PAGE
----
How King Khan found success despite the skepticism of his hometown scene

Editor: The Westword Music Showcase is this weekend. It features over 150 Denver bands as well as a main stage with out-of-town headliners Diplo and 2 Chainz along with Man Man, Cherub and King Khan & the Shrines. Our coverage includes the following brief interview with Khan himself.

King Khan became one of the leading lights of the international garage-punk world in the 1990s. His various projects have since torn down the wall between garage, punk, soul and psychedelia. His current band, King Khan and the Shrines, is a modern, visceral '70s soul revue that combines all of Khan's musical interests into one bombastic spectacle. But his success came as a surprise to the music scene in his home town.

See also: How Diplo and 2 Chainz are flourishing in a dying industry

Born Arish Ahmad Khan, he was raised in Montreal, where he started his first band, the notorious Spaceshits. The group eventually developed a following around the world for its unrestrained exuberance, but the Spaceshits were not embraced by the arty rock bands for which the Montreal scene became famous. "They didn't really understand why people who play primitive rock-and-roll music could be successful," Khan says.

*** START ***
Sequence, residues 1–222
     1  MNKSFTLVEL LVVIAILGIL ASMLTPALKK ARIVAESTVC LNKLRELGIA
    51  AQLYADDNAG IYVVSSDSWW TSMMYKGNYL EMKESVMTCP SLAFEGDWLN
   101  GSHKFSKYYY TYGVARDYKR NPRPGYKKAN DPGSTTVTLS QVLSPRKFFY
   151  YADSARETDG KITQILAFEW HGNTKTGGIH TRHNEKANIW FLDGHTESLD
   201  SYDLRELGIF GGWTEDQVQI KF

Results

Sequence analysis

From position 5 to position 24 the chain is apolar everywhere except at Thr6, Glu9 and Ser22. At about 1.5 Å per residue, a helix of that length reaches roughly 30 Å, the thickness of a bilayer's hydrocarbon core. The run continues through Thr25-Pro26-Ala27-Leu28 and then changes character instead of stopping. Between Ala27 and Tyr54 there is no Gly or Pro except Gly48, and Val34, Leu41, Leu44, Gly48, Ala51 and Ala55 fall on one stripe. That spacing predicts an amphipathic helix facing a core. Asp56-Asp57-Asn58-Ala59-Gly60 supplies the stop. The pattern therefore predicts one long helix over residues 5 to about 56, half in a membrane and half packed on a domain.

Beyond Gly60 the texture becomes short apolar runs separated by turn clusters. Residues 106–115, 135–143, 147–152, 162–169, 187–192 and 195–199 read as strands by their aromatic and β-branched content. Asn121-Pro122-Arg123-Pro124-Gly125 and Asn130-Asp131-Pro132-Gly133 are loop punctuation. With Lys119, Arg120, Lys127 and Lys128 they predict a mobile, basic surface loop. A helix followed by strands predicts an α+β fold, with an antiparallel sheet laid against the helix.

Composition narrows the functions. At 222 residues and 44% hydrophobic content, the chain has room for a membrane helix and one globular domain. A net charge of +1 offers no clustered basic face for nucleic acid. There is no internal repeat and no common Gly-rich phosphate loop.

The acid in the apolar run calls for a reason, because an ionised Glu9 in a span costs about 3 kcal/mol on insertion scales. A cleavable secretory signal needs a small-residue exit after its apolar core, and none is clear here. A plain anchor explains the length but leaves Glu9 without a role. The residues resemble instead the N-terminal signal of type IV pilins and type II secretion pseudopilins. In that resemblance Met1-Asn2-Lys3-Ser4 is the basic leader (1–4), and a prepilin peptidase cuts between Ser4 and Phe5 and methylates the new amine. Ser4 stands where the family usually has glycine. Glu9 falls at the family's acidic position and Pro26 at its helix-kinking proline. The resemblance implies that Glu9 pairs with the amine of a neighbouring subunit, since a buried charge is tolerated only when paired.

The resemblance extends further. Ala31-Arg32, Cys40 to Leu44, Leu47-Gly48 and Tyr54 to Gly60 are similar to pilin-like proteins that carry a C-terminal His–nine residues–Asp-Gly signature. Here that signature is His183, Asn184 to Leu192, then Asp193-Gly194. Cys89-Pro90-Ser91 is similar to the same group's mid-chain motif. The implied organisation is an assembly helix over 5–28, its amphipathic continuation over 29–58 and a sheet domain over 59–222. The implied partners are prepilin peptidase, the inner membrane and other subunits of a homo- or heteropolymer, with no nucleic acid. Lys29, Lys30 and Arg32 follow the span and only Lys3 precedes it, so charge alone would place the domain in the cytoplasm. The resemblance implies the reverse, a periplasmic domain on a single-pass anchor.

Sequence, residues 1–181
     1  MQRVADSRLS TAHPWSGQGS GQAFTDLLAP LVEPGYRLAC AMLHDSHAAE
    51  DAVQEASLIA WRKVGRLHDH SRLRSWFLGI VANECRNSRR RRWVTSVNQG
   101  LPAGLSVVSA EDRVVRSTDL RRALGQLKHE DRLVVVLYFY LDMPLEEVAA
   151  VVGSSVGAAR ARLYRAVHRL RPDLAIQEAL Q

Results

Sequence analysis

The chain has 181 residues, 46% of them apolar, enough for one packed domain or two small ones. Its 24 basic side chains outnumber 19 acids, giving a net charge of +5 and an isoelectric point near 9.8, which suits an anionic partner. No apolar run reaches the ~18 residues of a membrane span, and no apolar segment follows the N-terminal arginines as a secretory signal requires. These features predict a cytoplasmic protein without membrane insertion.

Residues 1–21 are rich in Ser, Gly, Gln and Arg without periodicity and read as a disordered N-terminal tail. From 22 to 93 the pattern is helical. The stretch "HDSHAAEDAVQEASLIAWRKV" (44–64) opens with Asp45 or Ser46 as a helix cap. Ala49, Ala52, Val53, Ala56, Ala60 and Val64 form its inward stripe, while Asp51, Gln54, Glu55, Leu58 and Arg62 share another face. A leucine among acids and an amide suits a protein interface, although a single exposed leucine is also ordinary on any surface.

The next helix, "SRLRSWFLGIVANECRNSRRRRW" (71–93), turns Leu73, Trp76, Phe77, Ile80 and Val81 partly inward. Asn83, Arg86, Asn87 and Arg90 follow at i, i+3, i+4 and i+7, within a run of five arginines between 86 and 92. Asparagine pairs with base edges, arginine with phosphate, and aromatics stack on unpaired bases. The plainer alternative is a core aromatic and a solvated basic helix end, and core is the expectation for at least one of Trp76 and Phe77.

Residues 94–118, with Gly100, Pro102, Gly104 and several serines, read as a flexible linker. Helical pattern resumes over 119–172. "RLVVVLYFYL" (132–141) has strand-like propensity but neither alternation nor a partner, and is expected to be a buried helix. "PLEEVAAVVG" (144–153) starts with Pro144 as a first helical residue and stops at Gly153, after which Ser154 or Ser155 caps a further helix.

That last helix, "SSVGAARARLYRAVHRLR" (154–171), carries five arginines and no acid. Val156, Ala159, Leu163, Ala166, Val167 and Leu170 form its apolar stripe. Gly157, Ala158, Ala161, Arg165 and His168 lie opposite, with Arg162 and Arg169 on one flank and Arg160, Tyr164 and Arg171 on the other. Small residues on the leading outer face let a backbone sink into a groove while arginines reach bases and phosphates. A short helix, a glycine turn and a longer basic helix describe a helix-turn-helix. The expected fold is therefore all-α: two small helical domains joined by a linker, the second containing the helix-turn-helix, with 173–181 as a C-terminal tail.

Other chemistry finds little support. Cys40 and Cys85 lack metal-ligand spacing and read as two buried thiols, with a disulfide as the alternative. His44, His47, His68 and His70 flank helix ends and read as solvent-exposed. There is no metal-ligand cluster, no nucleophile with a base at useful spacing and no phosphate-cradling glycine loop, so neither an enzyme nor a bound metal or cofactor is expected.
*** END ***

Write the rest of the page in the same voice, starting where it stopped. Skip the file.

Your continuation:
So the Spaceshits created their own scene at home and on the road. While touring, they found kindred spirits in America as well as Europe and developed relationships with respected music-industry fixtures around the world. "A lot of the scene was envious of us because we had records out on great labels," Khan adds.

For Khan, a nurturing music scene doesn't require its members to all be in the same place. "The Spits, the Black Lips, Jay Reatard, the Gris Gris...all these bands are family, from all over different parts of America," he says. "We all found each other through music, and that was our community. I think when you're doing a band, if you're doing something good, people all over the world will want to have a piece of it. That's kind of what happened for us. I won't say we were ever part of a community. We made our own kingdom out of the people that we love the most."

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